I have represented both conference centres and hotels and have in the past been a third party meeting planner and I hope it is this breadth of knowledge and appreciation for the different stakeholders that allows me to contribute in both the venue operator and meeting planner forums.

RS: As an international organisation with US and global credentials and members, does IACC have to be carefully steered between the cultures?

MC: Yes and no. Yes, in terms of appreciating how language can sometimes be a barrier. For instance, we need to communicate with our members both in English at times but, also in their native language on other occasions. And no, in terms of having different goals for IACC. Our global board of directors and chapter boards work closely together and it is amazing how much we have in common and how easy it can be to be aligned with a global strategy for IACC. Of course, we have cultural differences and sometimes this includes the venues themselves, but never in a way that we feel we are compromising to create a ‘fits all’ model.

RS: And for your own culture?

MC: I’m a British national and live in the rural village of Long Itchington, Warwickshire. It’s a typical English village with a pond, pub and shop, where everyone knows everyone.  My commute is normally to Heathrow, so I know the way without satnav now! I hope my own culture is one of inclusiveness and that the deep hospitality experience that is engrained in my DNA from a very young age (I grew up in an English pub and restaurant) has led to my approach being one of engagement with our members around the globe and being an active part of the IACC community outside of our leadership and board environments.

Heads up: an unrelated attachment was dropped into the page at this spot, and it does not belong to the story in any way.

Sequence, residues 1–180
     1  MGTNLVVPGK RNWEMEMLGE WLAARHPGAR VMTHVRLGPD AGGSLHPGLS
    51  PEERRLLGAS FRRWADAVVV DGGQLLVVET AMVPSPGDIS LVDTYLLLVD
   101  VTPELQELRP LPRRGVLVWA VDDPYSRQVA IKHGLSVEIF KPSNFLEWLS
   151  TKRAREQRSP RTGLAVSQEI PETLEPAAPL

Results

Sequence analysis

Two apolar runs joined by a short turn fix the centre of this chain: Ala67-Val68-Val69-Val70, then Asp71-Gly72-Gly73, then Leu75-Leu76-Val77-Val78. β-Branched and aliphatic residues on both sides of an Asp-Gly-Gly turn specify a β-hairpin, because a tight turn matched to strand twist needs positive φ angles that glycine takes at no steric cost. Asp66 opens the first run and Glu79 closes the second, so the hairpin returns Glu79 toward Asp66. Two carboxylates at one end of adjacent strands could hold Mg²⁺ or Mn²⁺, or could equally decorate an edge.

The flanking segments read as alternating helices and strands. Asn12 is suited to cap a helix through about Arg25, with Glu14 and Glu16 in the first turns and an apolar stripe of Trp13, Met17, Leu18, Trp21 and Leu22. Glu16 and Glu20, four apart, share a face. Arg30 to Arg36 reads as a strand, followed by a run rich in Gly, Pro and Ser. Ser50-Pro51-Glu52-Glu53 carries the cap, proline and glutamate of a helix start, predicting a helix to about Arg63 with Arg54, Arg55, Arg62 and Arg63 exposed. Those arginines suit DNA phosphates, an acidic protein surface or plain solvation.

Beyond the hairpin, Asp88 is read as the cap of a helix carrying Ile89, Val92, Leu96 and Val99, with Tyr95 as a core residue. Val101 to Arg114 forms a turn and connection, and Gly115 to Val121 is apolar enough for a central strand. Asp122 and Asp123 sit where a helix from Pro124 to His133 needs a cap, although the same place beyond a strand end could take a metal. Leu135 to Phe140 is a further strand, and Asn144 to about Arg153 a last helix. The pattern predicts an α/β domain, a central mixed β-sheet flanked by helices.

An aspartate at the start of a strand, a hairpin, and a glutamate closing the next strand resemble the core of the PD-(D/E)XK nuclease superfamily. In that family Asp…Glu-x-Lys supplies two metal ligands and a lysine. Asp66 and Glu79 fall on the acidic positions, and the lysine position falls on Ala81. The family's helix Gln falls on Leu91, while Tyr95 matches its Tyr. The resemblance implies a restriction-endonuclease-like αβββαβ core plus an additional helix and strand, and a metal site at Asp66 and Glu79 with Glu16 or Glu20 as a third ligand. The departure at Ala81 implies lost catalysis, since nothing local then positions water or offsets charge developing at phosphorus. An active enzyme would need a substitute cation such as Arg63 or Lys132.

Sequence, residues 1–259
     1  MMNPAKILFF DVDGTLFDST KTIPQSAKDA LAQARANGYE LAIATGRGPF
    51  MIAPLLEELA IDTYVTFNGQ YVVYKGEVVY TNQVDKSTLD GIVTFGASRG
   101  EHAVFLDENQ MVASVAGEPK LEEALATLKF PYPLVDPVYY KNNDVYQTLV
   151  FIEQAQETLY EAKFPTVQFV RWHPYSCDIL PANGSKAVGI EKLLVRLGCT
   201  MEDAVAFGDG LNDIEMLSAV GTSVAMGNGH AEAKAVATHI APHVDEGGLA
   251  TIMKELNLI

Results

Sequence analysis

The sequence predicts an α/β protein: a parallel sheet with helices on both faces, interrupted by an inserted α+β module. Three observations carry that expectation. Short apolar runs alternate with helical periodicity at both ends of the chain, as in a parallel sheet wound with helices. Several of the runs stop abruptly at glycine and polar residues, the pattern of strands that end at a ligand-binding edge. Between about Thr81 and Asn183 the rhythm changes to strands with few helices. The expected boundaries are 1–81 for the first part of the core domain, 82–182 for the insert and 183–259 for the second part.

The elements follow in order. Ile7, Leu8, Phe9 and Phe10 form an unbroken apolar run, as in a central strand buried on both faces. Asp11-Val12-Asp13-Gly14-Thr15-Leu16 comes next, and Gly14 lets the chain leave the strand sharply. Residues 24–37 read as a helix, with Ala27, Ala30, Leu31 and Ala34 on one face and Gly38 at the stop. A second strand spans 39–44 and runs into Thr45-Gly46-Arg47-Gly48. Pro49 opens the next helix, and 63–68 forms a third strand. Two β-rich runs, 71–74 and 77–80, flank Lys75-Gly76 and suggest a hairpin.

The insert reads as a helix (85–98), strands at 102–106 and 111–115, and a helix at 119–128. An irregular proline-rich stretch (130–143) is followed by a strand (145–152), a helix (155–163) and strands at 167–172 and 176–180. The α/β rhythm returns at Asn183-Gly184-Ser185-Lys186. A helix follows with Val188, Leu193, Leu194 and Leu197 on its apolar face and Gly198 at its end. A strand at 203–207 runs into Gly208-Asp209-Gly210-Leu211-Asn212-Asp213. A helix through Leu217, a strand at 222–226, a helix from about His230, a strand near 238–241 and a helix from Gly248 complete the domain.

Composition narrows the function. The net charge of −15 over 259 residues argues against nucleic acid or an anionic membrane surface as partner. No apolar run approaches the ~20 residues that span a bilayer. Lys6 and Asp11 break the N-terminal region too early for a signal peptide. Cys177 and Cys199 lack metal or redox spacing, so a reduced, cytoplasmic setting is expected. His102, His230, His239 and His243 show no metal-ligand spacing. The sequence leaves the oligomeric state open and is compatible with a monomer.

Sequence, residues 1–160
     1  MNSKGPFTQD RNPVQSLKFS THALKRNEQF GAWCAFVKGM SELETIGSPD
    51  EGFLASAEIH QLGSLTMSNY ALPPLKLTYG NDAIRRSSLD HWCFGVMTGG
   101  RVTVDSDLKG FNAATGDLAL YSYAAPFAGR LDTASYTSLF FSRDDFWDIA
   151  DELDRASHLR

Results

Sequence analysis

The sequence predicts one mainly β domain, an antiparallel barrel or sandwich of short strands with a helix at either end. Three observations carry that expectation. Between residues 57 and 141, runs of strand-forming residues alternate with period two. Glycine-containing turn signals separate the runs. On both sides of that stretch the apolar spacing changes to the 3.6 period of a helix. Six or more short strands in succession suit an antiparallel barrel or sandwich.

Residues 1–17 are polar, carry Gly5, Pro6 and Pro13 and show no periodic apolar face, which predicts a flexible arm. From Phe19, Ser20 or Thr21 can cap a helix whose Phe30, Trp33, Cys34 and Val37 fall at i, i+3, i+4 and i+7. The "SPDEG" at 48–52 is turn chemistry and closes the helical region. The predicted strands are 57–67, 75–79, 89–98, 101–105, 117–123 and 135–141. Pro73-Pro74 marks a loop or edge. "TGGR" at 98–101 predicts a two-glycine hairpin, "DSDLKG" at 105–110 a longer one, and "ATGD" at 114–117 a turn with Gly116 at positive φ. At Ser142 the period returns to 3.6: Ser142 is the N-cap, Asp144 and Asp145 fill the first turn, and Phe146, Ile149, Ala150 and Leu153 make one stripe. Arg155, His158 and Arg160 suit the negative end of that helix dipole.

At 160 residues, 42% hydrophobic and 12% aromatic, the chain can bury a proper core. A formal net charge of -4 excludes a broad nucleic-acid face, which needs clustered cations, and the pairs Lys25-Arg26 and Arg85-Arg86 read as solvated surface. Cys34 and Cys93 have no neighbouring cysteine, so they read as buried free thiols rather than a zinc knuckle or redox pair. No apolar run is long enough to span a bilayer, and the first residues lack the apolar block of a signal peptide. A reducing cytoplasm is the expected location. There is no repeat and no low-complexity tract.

RS: Where are you currently going with IACC and why?

MC: Our future goals are centred around bringing our forward-looking initiatives such as the IACC Meeting Room of the Future into the next stage of industry engagement and increase the value it brings. For example, we are creating a live showcase in partnership with MPI and other industry bodies who are leading with innovation. We recognise a key strength of IACC is the unique community spirit that exists with our members. Our events will continue to focus on the strengths in sharing ideas to improve the experience delegates receive at IACC certified venues.